After sending Tesla stock on a 20-day roller coaster ride, Elon Musk decided that his electric car company is better off staying public.
In a blog post on Tesla’s website late Friday, Musk announced that he had put the plan to take Tesla private on hold after spending “considerable time” consulting with potential buyers as well as current shareholders large and small.
“Given the feedback I’ve received, it’s apparent that most of Tesla’s existing shareholders believe we are better off as a public company,” he wrote. “Although the majority of shareholders I spoke to said they would remain with Tesla if we went private, the sentiment, in a nutshell, was ‘please don’t do this.'”
But Musk wanted to make it clear that it wasn’t about the money.
He said that his “belief that there is more than enough funding to take Tesla private was reinforced” during his recent discussions with Wall Street buyout experts like Silver Lake, Goldman Sachs and Morgan Stanley.
Instead, what broke the deal was an overly complicated process to execute the buyout.
“I knew the process of going private would be challenging, but it’s clear that it would be even more time-consuming and distracting than initially anticipated,” he explained. “A number of institutional shareholders have explained that they have internal compliance issues that limit how much they can invest in a private company. There is also no proven path for most retail investors to own shares if we were private.”
However, that rationale didn’t seem to please Tesla investors very much. On Monday morning, Tesla shares fell to its seven-day low of $310, continuing a downward trend since Musk tweeted the go-private plan on August 7. Tesla stock price is now seven percent lower than its pre-Musk-tweet level and 25 percent lower than the price at which Musk had promised to buy out shares.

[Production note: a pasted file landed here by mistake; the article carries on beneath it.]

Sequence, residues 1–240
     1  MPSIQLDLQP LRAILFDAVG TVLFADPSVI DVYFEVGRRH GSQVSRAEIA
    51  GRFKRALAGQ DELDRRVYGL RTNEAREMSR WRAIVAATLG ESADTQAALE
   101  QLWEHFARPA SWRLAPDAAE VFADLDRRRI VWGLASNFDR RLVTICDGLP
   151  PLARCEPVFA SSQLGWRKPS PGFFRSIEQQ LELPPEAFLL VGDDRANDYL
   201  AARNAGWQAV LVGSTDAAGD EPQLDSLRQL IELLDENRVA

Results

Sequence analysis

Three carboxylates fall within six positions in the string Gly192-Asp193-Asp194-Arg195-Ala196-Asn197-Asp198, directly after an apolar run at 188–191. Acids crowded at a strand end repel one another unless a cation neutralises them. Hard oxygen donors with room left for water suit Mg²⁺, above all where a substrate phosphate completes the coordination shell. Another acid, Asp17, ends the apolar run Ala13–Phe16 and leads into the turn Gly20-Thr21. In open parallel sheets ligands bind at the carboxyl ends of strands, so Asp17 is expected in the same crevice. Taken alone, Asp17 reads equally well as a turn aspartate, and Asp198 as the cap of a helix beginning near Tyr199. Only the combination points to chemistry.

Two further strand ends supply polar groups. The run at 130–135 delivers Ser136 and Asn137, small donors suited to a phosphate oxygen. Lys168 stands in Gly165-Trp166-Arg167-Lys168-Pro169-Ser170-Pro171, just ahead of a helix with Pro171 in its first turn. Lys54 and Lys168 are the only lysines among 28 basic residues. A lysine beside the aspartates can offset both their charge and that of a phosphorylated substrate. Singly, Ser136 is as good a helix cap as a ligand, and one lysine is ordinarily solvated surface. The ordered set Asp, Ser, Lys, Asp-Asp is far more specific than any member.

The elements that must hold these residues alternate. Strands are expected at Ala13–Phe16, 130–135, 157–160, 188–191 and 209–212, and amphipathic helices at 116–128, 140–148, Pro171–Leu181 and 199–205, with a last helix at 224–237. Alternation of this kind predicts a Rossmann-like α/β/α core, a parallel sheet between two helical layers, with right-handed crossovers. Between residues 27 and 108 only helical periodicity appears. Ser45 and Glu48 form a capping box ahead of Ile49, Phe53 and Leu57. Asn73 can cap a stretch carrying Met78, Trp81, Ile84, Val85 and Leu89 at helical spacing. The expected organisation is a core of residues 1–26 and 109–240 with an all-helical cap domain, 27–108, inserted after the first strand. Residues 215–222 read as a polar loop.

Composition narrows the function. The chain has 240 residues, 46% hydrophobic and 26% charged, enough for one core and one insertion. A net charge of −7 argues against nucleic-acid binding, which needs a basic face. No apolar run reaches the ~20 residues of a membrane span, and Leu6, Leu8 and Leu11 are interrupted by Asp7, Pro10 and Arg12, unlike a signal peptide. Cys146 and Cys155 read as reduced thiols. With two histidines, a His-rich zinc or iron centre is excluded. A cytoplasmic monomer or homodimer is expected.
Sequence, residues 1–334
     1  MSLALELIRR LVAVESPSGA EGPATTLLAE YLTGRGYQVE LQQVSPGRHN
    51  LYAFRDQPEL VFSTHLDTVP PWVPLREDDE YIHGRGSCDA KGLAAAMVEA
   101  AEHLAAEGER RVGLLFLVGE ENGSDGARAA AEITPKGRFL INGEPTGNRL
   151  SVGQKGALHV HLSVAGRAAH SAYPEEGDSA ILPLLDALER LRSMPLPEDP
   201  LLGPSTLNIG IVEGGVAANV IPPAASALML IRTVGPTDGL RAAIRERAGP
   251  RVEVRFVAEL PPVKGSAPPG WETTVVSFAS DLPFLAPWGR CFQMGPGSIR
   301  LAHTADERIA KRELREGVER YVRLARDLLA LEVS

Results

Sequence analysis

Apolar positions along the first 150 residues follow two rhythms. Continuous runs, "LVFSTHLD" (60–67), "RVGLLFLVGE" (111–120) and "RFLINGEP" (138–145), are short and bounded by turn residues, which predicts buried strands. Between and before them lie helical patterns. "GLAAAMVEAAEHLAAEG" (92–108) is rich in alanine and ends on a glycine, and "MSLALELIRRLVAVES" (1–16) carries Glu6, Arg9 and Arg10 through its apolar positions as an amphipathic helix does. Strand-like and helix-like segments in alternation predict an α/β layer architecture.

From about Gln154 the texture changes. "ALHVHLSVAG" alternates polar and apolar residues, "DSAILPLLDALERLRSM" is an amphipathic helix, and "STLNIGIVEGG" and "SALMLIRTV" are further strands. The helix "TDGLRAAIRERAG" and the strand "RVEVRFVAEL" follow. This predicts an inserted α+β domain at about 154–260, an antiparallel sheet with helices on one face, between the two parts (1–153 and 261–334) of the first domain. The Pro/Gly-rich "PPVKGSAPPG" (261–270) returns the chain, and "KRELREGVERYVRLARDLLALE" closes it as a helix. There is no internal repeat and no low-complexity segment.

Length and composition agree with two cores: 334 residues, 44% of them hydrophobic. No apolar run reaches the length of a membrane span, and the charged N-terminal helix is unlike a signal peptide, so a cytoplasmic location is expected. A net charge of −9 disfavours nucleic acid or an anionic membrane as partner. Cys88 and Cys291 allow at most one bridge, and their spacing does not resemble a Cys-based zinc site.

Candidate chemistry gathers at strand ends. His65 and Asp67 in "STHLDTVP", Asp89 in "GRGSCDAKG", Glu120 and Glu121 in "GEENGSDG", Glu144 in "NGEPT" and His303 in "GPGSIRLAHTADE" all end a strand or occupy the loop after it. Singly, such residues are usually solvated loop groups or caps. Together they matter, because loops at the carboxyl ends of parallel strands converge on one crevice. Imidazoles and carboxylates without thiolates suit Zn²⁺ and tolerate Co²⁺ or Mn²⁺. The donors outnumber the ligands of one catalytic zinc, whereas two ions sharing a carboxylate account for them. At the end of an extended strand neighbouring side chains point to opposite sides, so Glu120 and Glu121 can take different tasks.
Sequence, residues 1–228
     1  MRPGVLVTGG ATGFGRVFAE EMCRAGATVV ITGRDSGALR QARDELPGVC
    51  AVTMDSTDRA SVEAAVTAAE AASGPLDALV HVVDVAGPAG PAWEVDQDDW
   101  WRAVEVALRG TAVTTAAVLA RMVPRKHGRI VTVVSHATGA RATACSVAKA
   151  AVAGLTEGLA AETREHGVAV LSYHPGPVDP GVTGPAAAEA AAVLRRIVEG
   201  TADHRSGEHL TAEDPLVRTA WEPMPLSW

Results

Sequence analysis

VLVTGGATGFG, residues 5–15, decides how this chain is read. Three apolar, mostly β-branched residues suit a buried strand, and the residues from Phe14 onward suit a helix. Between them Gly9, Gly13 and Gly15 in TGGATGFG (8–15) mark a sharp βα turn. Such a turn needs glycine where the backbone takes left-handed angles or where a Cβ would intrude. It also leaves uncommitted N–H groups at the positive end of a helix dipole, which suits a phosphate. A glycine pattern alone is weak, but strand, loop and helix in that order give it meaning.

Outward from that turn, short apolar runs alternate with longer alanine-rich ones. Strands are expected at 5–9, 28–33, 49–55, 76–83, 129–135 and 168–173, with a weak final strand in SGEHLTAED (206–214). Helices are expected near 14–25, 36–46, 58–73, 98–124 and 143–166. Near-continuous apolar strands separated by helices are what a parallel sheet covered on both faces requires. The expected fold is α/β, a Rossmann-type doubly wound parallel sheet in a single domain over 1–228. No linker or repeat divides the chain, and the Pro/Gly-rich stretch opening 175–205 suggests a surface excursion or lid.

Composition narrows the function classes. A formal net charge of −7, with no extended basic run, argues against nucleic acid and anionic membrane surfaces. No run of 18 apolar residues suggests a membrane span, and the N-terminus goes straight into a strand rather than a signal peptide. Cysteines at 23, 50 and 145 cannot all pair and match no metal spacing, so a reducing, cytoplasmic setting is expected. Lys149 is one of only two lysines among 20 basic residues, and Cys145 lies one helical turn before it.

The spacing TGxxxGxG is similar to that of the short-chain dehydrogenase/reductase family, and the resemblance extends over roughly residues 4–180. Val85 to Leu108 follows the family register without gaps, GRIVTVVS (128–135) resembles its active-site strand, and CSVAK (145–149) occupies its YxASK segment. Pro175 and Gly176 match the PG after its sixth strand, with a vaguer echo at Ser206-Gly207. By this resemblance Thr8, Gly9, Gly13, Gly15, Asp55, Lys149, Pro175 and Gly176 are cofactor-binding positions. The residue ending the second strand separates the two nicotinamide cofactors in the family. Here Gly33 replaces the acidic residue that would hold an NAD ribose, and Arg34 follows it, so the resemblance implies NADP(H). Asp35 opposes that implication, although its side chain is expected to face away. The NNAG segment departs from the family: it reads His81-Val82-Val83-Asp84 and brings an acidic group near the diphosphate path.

Musk initially proposed a plan to roll over current shareholders’ stakes to a private ownership via a special structure, which would avoid the need to solicit tens of billions of dollars in new cash. However, as Wall Street analysts pointed out shortly after the go-private tweet, Musk’s proposal would have little chance to materialize under current SEC rules.
Tesla’s largest shareholder, next to Musk himself, T. Rowe Price, owns nine percent of the company mostly through mutual funds. Under SEC laws, these funds are subject to the same disclosure rules as public companies. Retail shareholders are also prohibited from transferring their investments in a public company to a private structure unless they are qualified to do so by the SEC.
“The practical issue with what Elon suggested [on August 7] is that the significant majority of Tesla’s public shareholders would be forbidden from owning a private offering from Tesla,” John Thaler, founder of JAT Capital Management, a multibillion-dollar global equity investment firm, told Observer earlier this month.
With the privatization plan on hold, Musk said he will shift his focus back on ramping up Model 3 production and making Tesla profitable. And keep answering analysts’ annoying questions every three months, inevitably.